Monday, August 17, 2009

AP to Public: Don't rewrite!

Dear Rich: I am working on a book presentation and was researching an article on MSNBC. At the bottom of the article, it read: "This material may not be published, broadcast, rewritten or redistributed." What do they mean when they say it can't be rewritten? Actually, that's not the position of MSNBC that you're quoting, the tagline is specifically for Associated Press articles posted at MSNBC (MSNBC's policy is here.) 
What's the AP's POV?
The AP's claim is based on: (1) copyright law -- you cannot rewrite the article in a manner that creates an infringing derivative work, (2) state misappropriation law -- there's 90-year old case involving the AP that says you can't compete unfairly by stealing "hot news," and (3) wishful thinking -- copyright permits free use of facts
Beyond Copyright
There is a legal theory that goes beyond copyright which prohibits the theft of "hot news." It's based on the 1918 case of International News Service v. Associated Press in which a rival news agency 'stole' and 'rewrote' AP news articles. Some states still uphold this approach; others consider it invalid. (The AP settled its most recent hot news case) It's unlikely that the "hot news" principle will apply in your case because the publication of your book would not trigger the "time-sensitive" aspect of the hot news doctrine.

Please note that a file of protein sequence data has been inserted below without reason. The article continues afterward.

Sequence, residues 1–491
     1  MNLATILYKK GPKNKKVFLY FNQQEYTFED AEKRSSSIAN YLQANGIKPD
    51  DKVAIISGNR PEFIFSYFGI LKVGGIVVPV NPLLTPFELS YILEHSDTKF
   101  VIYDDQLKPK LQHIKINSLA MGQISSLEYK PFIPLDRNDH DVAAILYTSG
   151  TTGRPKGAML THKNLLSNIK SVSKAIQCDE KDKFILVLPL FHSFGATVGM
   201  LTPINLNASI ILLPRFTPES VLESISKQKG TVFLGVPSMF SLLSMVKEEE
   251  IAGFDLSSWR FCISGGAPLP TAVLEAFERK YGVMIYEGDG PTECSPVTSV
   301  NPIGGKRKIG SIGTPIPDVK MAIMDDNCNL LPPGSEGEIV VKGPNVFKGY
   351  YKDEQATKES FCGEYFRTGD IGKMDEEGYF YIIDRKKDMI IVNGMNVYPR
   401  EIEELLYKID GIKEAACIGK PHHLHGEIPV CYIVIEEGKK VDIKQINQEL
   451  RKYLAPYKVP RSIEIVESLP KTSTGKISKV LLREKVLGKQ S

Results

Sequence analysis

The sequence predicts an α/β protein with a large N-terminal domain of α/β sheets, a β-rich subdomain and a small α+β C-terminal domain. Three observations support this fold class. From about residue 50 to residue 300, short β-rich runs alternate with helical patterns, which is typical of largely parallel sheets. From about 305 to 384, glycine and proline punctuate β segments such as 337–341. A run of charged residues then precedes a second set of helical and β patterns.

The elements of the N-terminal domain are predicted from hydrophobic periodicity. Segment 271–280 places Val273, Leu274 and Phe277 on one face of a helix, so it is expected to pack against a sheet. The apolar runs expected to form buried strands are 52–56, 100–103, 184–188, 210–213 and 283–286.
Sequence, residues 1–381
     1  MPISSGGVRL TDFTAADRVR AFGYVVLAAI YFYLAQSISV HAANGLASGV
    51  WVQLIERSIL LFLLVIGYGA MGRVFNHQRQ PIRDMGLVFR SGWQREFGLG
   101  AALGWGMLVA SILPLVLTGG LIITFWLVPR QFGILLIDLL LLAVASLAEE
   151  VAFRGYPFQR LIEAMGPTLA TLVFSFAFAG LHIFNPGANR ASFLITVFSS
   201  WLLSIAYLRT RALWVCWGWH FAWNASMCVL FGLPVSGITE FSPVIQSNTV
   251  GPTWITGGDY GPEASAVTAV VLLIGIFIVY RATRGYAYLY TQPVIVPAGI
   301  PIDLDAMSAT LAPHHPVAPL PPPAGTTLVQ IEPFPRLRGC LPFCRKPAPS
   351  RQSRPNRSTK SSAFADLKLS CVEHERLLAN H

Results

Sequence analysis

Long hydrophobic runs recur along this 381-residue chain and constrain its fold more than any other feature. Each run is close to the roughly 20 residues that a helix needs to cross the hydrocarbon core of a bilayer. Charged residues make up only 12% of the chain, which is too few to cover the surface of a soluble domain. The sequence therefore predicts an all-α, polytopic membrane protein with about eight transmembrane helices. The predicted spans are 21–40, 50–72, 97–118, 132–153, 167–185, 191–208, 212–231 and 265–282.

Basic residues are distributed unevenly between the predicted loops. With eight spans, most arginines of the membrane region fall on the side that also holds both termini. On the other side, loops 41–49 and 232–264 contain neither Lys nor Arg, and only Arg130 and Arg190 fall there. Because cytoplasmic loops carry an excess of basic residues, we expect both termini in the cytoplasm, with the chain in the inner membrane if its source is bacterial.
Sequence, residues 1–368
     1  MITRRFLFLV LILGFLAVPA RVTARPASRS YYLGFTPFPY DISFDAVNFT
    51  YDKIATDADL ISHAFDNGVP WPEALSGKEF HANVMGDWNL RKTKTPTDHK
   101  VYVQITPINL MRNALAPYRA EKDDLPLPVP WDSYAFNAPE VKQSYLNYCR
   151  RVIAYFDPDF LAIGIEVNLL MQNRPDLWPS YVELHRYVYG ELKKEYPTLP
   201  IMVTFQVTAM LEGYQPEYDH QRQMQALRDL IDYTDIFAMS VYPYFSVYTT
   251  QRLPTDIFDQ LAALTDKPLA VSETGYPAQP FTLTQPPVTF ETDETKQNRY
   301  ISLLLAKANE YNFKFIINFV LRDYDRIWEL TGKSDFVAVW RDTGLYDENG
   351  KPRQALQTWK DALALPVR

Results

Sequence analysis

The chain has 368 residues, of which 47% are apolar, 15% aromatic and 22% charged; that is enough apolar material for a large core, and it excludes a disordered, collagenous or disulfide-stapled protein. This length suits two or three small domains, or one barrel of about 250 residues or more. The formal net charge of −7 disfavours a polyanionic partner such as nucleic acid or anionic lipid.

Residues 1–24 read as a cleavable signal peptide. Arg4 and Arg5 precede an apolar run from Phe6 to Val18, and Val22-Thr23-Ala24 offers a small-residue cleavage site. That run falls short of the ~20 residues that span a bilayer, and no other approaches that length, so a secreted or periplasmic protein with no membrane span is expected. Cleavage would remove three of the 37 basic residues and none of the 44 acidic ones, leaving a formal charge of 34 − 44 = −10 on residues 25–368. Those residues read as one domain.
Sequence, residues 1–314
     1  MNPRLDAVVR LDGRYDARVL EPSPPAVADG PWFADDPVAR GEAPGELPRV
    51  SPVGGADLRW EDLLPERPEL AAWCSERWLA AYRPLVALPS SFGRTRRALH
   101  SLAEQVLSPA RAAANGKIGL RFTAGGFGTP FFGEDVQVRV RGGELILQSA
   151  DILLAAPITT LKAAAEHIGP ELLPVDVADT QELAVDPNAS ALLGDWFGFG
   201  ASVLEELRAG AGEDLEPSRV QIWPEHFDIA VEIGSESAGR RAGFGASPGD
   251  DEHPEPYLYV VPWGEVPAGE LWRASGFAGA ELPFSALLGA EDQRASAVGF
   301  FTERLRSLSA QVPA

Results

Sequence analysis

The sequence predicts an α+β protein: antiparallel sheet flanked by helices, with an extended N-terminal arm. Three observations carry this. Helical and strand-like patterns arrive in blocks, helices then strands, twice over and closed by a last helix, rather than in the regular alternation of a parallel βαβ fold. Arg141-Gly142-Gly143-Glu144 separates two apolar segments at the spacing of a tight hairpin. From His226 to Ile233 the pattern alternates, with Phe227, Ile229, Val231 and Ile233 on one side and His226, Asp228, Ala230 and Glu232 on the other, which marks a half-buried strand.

Just the Facts
Aside from the "hot news" doctrine, the AP cannot stop you from taking the facts of an article and writing a new article using those facts. Consider this recent AP article about the death of Les Paul. You can certainly "rewrite" the first few paragraphs in your book as follows without infringing."Les Paul, 94, credited by many as the inventor of the solid-body electric guitar, died Thursday at White Plains Hospital from complications from pneumonia. Paul is also credited as one of the pioneers of multitrack recording, a process that permits musicians to record different parts at different times and then mix the tracks together." (Copyright aside, we urge every musician with a home studio to observe a few a moments of silence for the man who created modern recording!) Finally, the Dear Rich Staff wants to report that if there are a limited number of ways to say something, you are permitted to express yourself in the same way as others without infringing (known as the "merger doctrine").
The Trouble With Freedom
The trouble with all these "freedoms" --  the merger doctrine, the right to use facts, and even fair use -- is that there are no clear lines. Since the AP is not afraid to file lawsuits you may want to proceed with caution especially if your work may be perceived as competing. If you're particularly paranoid about lawsuits, just take the facts. By the way, speaking of copyright justice, William Patry (the hardest working man in copyright) has a new book and new blog.